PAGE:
Today, looking back and learning about all that happened is bitter sweet. My dad is no longer with
us. He died in 2002. Figures he would have to die before all this notoriety. Isn’t that always the way?!
I was so young for much of the ‘racing days’ although I remember the intensity of the times. How could
My father was always working on projects. He would
come home late, smelling of one car fluid or another. Black dirt and grease were permanently imbedded in his fingernails and
skin. He would scrub and scrub, using brushes and specialized soap... he would wash when he left the shop and then again when
he walked into the house.... the dirt liked ‘its’ new home and refused to leave. It was as if
‘it’ knew this was where ‘it’ was supposed to be.
shoes had the same issue. Although black to begin with, they were further covered - veneered, if you will, with the
darkness of an engines ‘blood’. These shoes were his chariots. They carried him through his daily activities.
Clearly they earned their keep.
All I have left are my memories. I try to hold dear
the physical objects without letting them own me... difficult... Sentimentalities can be binding.
I still live in the same house. I look around at the windows and remember back when I was a child. Funny
the things that prompt a memory....
Each day at a particular time, my sisters and I would
get excited. This time? Dinner time. A distinctive sound marked the event. The three of us could feel the anticipation.
We started running from window to window to look and see. ‘Is he there?’ ‘Can you see him?’
The sound got stronger and stronger. Louder and louder. Now my mother was looking out the window to see as well.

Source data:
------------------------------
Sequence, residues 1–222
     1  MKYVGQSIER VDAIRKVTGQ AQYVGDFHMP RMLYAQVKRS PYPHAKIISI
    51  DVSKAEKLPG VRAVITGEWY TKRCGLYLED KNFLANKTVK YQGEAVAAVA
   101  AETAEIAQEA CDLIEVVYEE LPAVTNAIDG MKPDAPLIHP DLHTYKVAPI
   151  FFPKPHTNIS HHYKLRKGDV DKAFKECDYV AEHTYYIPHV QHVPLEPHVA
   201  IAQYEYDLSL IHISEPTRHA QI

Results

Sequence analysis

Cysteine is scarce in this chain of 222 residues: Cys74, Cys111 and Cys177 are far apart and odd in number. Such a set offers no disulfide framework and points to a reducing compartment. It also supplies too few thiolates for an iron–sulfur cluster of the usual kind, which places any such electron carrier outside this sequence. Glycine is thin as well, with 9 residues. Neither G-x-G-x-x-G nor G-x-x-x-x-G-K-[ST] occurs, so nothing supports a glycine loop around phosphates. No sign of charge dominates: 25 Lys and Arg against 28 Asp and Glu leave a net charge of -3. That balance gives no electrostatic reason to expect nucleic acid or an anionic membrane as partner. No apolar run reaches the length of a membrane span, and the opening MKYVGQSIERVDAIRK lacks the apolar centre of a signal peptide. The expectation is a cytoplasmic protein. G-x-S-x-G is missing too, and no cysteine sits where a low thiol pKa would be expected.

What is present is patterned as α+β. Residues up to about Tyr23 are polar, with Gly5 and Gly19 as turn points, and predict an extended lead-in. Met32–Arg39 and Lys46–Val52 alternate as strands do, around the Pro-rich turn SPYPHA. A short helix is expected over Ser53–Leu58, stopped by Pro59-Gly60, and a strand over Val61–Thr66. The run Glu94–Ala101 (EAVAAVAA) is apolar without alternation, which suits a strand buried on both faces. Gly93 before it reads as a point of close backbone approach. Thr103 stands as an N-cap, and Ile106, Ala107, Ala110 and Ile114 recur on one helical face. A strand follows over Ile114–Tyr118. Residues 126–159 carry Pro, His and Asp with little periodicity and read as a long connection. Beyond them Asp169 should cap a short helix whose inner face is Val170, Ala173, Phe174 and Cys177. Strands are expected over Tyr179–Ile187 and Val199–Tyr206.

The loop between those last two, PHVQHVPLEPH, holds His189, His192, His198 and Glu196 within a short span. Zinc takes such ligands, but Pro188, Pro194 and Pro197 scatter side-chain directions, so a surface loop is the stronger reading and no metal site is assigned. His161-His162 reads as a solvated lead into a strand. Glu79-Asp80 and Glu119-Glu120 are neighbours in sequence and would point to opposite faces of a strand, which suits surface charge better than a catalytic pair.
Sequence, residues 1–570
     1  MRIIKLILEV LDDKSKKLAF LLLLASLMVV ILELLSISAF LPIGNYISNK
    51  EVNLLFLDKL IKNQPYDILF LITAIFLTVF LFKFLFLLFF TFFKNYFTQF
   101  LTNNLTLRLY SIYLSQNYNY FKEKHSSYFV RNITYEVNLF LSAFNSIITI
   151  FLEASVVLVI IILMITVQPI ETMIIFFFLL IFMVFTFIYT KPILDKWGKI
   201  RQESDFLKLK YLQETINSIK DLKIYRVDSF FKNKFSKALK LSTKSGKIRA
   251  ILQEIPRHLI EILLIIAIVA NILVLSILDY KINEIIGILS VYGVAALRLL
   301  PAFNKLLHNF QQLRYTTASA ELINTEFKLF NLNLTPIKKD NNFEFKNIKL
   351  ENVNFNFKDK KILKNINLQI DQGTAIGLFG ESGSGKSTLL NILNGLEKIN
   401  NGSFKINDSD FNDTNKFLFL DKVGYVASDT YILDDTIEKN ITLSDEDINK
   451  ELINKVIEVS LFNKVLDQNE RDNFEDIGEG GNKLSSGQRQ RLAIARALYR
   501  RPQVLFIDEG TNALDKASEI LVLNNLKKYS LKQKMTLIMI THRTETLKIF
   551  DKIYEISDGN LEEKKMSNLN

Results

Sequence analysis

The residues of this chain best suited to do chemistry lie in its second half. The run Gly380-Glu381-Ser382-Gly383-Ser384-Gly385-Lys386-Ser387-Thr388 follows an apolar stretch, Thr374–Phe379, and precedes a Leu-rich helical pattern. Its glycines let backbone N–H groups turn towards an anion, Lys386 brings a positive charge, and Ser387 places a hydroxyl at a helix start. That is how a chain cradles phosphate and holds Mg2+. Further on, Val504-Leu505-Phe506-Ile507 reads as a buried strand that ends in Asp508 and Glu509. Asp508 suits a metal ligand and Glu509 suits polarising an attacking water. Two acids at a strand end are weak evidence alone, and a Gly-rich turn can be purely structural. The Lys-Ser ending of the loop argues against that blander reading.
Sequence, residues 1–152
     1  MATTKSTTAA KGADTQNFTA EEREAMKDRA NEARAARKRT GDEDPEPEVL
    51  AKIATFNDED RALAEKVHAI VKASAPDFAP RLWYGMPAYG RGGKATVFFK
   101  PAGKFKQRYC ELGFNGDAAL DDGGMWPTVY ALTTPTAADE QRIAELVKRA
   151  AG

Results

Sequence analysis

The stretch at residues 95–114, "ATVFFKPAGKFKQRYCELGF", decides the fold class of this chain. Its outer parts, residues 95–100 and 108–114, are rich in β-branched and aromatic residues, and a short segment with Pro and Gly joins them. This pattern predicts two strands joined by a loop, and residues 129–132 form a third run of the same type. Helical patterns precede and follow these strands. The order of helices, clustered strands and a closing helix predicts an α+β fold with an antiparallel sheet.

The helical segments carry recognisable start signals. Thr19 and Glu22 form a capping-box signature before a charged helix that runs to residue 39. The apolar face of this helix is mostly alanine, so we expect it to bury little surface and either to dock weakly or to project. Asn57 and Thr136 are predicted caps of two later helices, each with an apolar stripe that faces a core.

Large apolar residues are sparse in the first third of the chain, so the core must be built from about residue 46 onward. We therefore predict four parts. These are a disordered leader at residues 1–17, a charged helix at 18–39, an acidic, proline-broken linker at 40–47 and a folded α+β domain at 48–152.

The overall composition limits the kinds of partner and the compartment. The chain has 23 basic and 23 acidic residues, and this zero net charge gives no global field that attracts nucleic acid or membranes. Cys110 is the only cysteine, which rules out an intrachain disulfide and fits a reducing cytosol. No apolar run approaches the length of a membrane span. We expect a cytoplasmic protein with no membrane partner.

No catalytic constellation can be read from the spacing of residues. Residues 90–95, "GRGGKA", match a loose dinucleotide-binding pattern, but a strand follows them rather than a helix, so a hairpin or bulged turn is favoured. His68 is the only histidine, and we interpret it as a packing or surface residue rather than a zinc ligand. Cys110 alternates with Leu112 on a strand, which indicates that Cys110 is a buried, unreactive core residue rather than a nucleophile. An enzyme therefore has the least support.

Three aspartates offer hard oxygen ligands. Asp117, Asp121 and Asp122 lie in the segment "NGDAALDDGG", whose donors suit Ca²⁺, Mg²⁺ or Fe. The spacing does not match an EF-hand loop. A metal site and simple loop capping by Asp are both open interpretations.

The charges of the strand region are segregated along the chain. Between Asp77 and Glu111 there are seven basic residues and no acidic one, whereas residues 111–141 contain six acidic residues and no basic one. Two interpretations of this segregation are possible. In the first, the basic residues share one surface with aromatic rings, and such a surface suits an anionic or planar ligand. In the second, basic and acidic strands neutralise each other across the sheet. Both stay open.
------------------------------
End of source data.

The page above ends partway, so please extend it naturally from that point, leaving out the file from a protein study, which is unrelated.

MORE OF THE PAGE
Only she felt no need to press her face to the window pane for a better view.
The sound of Dad’s
car engine was distinctive.... beefy, full, robust... not like most other cars. His car seemed to own the
road... the apodeme of a muscle car. Even as young girls, ones with no mechanical expertise, we could tell his engine over
all others. ‘He’s home! Daddy’s home!’ We jumped for joy, running from window
We loved to eat dinner together, especially when Dad was part of this event.
Somehow, my mother had dinner prepared at the same allotted time each evening.... Now, being a mother myself, I am
in awe of how she accomplished this task. I for the life of me can’t seem to choreograph the same. And I only have two
children... but she did it.
How ironic this man - the MAN’s man - was blessed
with three daughters. Somehow having a son would have rounded out the picture. But I guess God has a sense of humor... doesn’t
she. My father had to contend with a serious imbalance of hormones in his castle. We were no match. He had enough of
his own hormones racing through his veins to stay ‘safe.’ He was happy with his daughters.
Dad was home for dinnertime... and the three of us would duly bombard him at the side door. He always entered
the house thru the side door, especially if it was after a day at work. He’d rest his foot on the step, untiing his
shoes. We weren’t allowed to touch him until he got cleaned up. Boy, did he smell! I never understood how he could stand
himself. Oils, grease, gas... you name it. He might as well have been dipped in a vat of it.
shoes came off and waited on the landing by the side door, until the next morning when they were once again donned... like
smelly suits of honor.